The big hurdle for US national infrastructure? Soaring project costs

Boston before the Big Dig, which solved everything, obviously. Image: Getty.

The talk these days of a major infrastructure bill passing through US Congress is both welcome and encouraging for American commuters and businesses. But regardless of how much money Congress decides to spend on sorely needed projects, the debate is sadly lacking in strategies to address the astronomical cost of infrastructure projects in the United States.

Our public debate should focus squarely on the question of how to maximise infrastructure investment by reducing the overall cost. These high costs are huge impediment to getting anything done.

It cannot be understated that this is a major problem. If America’s policymakers can tackle this problem and reduce costs and reduce project delivery timelines, more beneficial projects will happen. If more projects happen, American commuters and businesses get real traffic relief.

So how do we get the best bang for the buck?

Under the normal project delivery process a highway can take up to 10 years to deliver. For transit projects, the process can take up to 15 years.

Let’s not kid ourselves: the process Congress has allowed to be created is both fiscally and environmentally irresponsible. But there’s enough blame to go around.

According to the environmental community, transit and toll lanes reduce congestion and fossil fuel emissions. This is true. The catch is that environmentalists want to study every project for a dozen years. A transit project should not take that long.

Additionally, the conservatives in Congress don’t want to change the policy because it’s politically advantageous for them to talk about how cumbersome the process is. Yet taxpayers bear the cost of the environmental review (NEPA) process. There are ways to trim this process, as well as the multi-agency duplications for reviews that will save time and money, while not harming the environment.

A transit project planned today may be projected to cost $1bn. But by the time the project gets through the process, it could end up costing four or five times that. Over 10 to 15 years, the cost of materials, land, and labour increases – and will only continue to do so at an accelerated pace now that unemployment is low and wages and interest rates are rising.

Furthermore, when a state transportation department or a metropolitan planning agency announces a proposed project or potential roadway alignment, I have seen the private sector advocate and achieve zoning changes to increase the value of the land in the event government will need it for the road. I have seen private individuals and companies pull building permits and construct something, only to make sure there is a negotiated settlement with the transportation department at a much higher price. What the taxpayers and conservatives don’t understand is that added cost comes from the same taxpayer dollars they always claim to be protecting. In fact, they are as much a part of the hustle as anyone.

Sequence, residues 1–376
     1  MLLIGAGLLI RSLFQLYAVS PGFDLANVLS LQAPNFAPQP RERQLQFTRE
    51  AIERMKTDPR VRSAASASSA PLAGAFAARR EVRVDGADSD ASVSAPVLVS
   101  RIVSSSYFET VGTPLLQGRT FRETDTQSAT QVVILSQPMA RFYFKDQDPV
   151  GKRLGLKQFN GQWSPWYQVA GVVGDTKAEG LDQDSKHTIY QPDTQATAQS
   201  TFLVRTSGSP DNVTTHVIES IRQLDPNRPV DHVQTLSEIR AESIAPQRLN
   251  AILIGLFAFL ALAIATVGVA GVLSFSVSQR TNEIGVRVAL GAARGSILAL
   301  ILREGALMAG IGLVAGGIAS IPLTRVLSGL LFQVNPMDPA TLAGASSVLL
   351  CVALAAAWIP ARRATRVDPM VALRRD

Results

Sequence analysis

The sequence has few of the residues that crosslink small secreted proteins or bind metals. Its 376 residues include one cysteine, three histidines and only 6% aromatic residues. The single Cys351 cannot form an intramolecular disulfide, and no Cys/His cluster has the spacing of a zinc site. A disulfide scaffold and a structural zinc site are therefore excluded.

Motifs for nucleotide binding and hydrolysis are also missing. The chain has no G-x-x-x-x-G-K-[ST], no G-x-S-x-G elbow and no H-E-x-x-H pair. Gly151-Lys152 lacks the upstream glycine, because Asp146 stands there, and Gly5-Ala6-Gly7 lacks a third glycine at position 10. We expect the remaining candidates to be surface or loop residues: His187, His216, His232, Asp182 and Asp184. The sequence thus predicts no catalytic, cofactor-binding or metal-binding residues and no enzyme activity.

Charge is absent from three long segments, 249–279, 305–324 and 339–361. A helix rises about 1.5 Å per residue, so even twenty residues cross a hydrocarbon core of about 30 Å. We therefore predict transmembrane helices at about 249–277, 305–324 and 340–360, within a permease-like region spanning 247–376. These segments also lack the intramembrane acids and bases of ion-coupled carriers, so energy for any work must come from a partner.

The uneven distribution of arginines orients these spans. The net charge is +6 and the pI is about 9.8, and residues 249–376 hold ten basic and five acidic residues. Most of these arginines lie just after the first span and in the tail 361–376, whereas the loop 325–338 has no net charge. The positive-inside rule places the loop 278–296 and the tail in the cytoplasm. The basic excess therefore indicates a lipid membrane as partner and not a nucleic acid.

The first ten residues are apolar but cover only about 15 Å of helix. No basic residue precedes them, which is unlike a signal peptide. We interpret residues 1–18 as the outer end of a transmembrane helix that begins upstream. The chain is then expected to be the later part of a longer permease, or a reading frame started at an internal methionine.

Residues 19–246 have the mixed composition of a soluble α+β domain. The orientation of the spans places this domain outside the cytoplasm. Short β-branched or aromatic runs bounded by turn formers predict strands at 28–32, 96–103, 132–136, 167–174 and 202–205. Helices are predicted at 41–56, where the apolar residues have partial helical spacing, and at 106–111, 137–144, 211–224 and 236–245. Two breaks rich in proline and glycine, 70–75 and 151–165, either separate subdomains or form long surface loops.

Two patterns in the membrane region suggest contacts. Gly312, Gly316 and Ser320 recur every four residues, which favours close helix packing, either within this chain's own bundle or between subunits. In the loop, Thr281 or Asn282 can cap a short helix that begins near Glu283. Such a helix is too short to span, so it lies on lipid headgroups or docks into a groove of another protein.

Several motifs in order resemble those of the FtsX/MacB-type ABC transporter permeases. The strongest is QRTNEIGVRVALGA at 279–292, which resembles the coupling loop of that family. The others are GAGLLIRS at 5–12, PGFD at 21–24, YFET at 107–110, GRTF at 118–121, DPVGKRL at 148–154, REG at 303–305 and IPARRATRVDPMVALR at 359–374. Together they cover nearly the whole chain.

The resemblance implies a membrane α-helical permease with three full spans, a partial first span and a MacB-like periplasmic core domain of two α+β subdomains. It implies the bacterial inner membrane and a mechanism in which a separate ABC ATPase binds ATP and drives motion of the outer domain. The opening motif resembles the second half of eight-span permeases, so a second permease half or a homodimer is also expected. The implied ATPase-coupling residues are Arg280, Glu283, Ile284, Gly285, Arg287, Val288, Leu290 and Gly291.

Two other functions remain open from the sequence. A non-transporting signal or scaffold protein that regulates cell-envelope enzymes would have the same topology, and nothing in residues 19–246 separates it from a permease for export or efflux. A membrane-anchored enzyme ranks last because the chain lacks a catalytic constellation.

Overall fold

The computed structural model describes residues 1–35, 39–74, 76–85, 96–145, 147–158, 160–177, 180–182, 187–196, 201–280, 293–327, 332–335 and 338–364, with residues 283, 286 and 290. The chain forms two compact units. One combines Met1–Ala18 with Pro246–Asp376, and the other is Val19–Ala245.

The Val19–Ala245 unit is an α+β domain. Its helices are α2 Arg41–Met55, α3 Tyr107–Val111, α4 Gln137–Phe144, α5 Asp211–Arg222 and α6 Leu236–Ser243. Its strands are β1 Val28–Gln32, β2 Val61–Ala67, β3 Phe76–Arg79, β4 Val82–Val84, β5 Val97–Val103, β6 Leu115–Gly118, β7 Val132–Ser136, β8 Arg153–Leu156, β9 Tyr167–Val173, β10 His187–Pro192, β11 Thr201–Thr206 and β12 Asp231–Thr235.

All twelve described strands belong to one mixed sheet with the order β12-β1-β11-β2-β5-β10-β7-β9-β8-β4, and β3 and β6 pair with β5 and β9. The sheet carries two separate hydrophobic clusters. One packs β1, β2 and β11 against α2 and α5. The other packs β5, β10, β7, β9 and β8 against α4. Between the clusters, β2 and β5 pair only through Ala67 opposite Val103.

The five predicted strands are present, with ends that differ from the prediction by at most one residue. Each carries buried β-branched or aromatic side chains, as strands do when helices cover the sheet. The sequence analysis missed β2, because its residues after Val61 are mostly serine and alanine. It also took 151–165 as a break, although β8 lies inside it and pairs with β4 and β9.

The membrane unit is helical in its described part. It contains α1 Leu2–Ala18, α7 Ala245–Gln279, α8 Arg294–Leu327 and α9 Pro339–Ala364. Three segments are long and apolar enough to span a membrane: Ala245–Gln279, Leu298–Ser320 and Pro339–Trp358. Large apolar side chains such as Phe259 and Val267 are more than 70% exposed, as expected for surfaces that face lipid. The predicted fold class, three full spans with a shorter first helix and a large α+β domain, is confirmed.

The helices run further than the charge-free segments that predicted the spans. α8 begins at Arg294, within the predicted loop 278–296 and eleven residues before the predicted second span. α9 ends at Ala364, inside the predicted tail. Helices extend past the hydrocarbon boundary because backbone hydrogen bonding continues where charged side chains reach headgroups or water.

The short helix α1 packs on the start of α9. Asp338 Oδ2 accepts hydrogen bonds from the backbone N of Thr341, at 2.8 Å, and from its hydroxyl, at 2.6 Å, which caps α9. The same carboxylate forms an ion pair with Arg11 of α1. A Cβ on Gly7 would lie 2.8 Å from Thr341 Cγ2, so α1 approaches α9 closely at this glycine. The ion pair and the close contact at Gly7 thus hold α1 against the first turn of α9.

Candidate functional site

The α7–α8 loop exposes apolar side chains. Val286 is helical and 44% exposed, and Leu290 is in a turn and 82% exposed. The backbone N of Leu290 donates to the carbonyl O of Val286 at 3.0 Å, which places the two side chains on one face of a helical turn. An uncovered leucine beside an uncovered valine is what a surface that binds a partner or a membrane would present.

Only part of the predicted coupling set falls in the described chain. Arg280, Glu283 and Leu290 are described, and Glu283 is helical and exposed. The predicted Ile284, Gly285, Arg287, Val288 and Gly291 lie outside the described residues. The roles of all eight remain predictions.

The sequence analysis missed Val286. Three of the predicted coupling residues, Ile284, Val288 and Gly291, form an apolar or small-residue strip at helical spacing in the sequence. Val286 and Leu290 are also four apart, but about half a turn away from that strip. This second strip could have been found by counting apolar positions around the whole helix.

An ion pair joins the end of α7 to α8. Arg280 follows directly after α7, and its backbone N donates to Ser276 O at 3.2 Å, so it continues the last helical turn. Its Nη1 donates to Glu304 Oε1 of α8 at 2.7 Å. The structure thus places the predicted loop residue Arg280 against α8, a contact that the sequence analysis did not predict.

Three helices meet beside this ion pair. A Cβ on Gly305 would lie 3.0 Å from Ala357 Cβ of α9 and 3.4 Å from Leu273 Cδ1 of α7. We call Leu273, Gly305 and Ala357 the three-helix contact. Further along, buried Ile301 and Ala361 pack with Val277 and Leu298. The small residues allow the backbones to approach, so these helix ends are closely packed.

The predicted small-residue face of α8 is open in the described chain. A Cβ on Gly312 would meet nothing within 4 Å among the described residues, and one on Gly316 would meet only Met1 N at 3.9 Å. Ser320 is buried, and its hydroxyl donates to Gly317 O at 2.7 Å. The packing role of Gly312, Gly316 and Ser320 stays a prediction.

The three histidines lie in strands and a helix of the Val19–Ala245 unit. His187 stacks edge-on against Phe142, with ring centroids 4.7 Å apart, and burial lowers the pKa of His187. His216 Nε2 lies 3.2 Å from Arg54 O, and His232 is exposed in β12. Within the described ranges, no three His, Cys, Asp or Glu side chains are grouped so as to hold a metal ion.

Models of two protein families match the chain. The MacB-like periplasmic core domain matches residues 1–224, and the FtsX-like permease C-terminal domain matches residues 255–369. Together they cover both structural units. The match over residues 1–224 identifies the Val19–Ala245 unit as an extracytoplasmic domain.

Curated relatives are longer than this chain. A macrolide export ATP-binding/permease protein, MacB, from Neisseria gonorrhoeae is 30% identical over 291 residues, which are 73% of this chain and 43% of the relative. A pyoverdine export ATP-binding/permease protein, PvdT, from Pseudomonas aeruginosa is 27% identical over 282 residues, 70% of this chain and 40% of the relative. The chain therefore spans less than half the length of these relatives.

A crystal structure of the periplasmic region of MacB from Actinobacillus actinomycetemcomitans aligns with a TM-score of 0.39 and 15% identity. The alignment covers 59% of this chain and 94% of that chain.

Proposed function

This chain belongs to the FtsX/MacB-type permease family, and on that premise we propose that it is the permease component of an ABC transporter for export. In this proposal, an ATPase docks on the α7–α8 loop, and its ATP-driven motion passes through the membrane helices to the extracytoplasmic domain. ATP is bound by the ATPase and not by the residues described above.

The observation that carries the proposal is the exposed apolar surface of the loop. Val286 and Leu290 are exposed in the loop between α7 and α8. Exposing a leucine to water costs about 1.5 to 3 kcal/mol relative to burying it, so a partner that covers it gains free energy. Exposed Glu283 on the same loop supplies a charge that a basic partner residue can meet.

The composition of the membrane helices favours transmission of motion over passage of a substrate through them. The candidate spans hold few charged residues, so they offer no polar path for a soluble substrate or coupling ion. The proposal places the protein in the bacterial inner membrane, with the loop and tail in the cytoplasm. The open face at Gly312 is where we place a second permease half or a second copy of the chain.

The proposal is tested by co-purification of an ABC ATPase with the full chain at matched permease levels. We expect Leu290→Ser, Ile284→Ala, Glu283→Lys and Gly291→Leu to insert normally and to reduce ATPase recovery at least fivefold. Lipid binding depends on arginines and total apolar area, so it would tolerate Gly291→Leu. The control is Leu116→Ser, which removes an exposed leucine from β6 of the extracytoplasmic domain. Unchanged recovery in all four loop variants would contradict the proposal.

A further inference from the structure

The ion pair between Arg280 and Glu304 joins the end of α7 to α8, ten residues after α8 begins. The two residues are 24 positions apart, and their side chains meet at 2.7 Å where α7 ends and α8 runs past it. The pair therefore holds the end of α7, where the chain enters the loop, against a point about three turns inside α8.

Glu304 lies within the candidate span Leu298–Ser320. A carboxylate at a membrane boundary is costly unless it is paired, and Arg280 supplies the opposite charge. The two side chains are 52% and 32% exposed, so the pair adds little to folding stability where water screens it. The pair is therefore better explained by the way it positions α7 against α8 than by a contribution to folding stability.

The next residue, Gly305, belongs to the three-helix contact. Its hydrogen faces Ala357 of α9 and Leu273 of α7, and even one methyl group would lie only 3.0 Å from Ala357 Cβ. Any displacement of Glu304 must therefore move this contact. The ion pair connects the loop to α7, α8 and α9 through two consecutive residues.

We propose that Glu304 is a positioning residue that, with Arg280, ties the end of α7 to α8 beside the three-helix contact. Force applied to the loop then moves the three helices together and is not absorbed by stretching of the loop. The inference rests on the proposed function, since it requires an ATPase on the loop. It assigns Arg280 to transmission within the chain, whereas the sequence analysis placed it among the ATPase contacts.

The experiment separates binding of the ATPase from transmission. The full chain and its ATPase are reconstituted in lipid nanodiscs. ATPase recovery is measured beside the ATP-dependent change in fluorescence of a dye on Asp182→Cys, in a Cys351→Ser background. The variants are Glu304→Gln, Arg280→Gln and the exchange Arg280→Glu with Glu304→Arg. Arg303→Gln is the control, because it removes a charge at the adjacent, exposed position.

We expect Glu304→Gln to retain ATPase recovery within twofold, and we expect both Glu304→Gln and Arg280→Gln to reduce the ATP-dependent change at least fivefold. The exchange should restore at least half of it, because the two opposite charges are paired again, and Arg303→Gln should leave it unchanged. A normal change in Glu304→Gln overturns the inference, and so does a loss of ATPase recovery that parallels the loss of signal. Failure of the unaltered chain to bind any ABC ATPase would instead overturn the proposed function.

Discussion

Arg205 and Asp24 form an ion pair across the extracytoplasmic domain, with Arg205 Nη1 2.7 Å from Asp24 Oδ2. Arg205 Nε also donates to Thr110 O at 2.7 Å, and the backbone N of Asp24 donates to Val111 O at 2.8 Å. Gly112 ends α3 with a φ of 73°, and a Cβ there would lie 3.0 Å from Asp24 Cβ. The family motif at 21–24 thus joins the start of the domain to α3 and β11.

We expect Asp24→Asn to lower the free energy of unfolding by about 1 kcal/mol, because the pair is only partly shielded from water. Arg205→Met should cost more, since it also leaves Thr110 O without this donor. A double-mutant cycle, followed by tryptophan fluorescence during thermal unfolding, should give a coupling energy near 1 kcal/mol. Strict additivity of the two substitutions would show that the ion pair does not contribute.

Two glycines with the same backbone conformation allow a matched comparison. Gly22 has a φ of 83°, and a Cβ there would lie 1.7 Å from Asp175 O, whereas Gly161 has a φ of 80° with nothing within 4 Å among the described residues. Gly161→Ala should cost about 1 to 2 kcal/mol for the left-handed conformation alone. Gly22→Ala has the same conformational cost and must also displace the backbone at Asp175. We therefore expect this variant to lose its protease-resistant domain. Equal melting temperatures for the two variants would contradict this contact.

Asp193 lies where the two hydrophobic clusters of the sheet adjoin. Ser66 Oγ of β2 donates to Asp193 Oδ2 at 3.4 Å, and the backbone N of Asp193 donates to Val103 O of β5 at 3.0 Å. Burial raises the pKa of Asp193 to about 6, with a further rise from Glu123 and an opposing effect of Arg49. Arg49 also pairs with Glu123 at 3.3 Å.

Let’s end the hustle. We should shorten the delivery timeline and be more responsible with tax dollars. Everyone loves to complain about $5,000 toilet seats or $2,000 hammers at the defense department, but no one complains about the $2bn increased in project costs due to the project delivery process. Let’s start to give a damn.

The cost is astronomical and out of control. While we need to protect our planet and our ecosystems, America needs a major systemic overhaul for that to happen.

If we wanted more environmentally friendly transit projects to happen, we ought to be vigilant fiscal hawks. As it stands today, it is environmentally irresponsible to sit idle while transit projects take more time and cost more money than highway projects. If we do nothing, the status quo incentive will be to build more road projects because they’re cheaper.

The US government has already studied these costs. I was a member of the National Surface Transportation Policy and Revenue Study Commission, which published its report in 2008. Included in that report were recommendations, including a section on “speeding project delivery”.

The report notes that

“to reduce overall project delivery times for major transportation projects, the time to complete environmental reviews must be shortened, in conjunction with other measures that address conventional strategies for implementing projects once they clear environmental review.”

We listed a series of recommendations that are still pending. They unfortunately did not make it into the latest transportation authorisation bill, the Fixing America’s Surface Transportation (FAST) Act.

Project delivery times remain anything but “FAST”. Congress can and should reform the project delivery process so that American taxpayers can get the best value possible under a federal infrastructure plan. It can and should be done.

Tom Skancke is chief executive of TSC2 Group, a management consulting firm, and is executive director of the Western Regional Alliance, an association of western transportation and metropolitan planning organisations. This article reflects his own views, not those of the Nevada Department of Transportation.

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Was the decline in Liverpool’s historic population really that unusual?

A view of Liverpool from Birkenhead. Image: Getty.

It is often reported that Liverpool’s population halved after the 1930s. But is this true? Or is it a myth?

Often, it’s simply assumed that it’s true. The end. Indeed, proud Londoner Lord Adonis – a leading proponent of the Liverpool-bypassing High Speed 2 railway, current chair of the National Infrastructure Commission, and generally a very influential person – stood on the stairs in Liverpool Town Hall in 2011 and said:

“The population of Liverpool has nearly halved in the last 50 years.”

This raises two questions. Firstly, did the population of the City of Liverpool really nearly halve in the 50 year period to 2011? That’s easy to check using this University of Portsmouth website – so I did just that (even though I knew he was wrong anyway). In 2011, the population of the City of Liverpool was 466,415. Fifty years earlier, in 1961, it was 737,637, which equates to a 37 per cent drop. Oops!